William Painter: The second tome of the Palace of pleasure

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long to these two passioned louers, let other iudge that haue at other times assayed the like: for euery mi|nute of an houre séemed to them a thousand yeares, so that if they had had power to commaunde the heauens (as  did the ) the earth had incontinently bene shadowed with darkest cloudes. The appointed houre come, Rhomeo put on the moste sumptuous ap|parell he had, and conducted by good fortune néere to the place where his heart toke life, was so fully deter|mined of his purpose, as easily hée  vp the gar|den wall. Being arriued hard to the window, he per|ceiued Iulietta, who had already so wel fastned the cor|ded ladder to draw him vp, as without any daunger at all he entred hir chambre, which was so clere as ye day, by reson of the tapers of virgin , which Iulietta had caused to be lighted, yt she myght the better behold hir Rhomeo.  for hir part, was but in hir night ker|chief: who so soon as she perceiued him, colled him about the neck, and after she had kissed & rekissed hym a mil|lion of times, began to imbrace hym betwéene hir ar|mes, hauing no power to speke vnto him, but by sighes onely, holding hir mouth close against his, and being in this traunce beheld him with pitiful eye, wiche made him to liue and die together. And afterwardes some|what come to hir selfe, she sayd with sighes depely fet|ched from the bottom of hir heart:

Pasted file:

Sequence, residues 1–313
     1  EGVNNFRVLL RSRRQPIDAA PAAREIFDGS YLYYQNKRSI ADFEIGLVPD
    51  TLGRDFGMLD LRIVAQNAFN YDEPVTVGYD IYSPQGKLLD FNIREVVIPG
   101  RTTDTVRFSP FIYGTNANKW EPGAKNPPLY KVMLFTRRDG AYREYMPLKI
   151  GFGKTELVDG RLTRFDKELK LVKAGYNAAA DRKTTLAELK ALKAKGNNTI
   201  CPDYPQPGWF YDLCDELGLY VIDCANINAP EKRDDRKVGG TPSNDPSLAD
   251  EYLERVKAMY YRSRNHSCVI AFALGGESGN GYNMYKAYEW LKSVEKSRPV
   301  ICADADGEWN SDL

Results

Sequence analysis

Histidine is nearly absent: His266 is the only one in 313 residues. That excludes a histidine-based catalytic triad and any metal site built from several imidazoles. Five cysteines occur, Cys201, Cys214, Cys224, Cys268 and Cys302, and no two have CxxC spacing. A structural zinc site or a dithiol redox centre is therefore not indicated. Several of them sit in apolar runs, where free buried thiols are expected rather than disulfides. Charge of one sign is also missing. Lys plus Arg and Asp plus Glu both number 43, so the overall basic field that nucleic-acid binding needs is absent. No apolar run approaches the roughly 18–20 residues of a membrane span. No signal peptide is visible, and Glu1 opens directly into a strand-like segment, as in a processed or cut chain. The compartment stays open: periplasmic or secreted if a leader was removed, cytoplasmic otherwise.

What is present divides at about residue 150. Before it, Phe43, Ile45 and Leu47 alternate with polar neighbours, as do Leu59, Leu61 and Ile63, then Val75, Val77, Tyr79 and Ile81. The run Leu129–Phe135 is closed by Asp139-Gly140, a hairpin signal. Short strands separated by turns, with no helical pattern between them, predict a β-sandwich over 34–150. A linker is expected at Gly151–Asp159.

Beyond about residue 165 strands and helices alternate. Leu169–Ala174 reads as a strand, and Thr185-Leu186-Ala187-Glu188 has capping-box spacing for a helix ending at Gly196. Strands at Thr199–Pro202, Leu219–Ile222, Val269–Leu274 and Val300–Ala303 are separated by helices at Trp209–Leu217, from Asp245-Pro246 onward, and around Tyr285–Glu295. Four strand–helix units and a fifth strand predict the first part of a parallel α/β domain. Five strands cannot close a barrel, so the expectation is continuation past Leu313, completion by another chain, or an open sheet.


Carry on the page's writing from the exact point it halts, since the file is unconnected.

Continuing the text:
Ah Rhomeo, the ex|ampler of all vertue and gentlenesse, you be most har|tily welcome to this place, wherin for your lacke and absence, and for feare of your persone, I haue gushed forth so many teares, as the spryng is almost dry: but nowe that I holde you betwéene my armes, let death and fortune doe what they , for I count my selfe more than satisfied of all my sorrowes , by the fa|uour alone of your presence: whom Rhomeo with we|ping

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eye, giuing ouer sile~ce answered: Madame  as I neuer receiued so much of fortunes grace, as to make you féele by liuely experience what power you had ouer me, & the torment euery minute of yt day sustained for your occasion, I do assure you ye least  yt vexeth me for your absence, is a thousa~d times more painful than death, which long time or this had cut of yt thréede of my life, if the hope of this happy  had not bene, which paying me now the iust tribute of wepings past, maketh me better content & more glad, than if the whole world were at my , be|séeching you (without further memory of ancie~t grief) to take aduise in time to come how we may conte~t our passionate hearts, & to sort our affaires with such wise|dome and discretion as our enimies without adua~tage may let vs continue the remnant of our dayes in rest & quiet. And as Iulietta was about to make answer, the olde woman came in the meane time, and sayd vnto them: He that wasteth time in talke, receuereth the same to late. But for so much as either of you hath en|dured such mutuall paines, behold (quod she) a campe which I haue made ready,

(shewing them the field  which she had prepared and furnished,) wherunto they  agréed, and being the~ betwene the shéetes in pri|ny bed, after they had gladded and cherished the~selues with all kinde of delicate  which loue was able to deuise, Rhomeo vnloosing the holy lines of virginity, tooke possession of the place, which was not yet besieged with such ioy and contentation as they ca~ iudge which haue assayed like delites. Their marriage thus  perceiuing the morning make too hastie approach, tooke his leaue, making pro|mise that he would not faile within a day or two to re|sort againe to the place by like meanes and semblable

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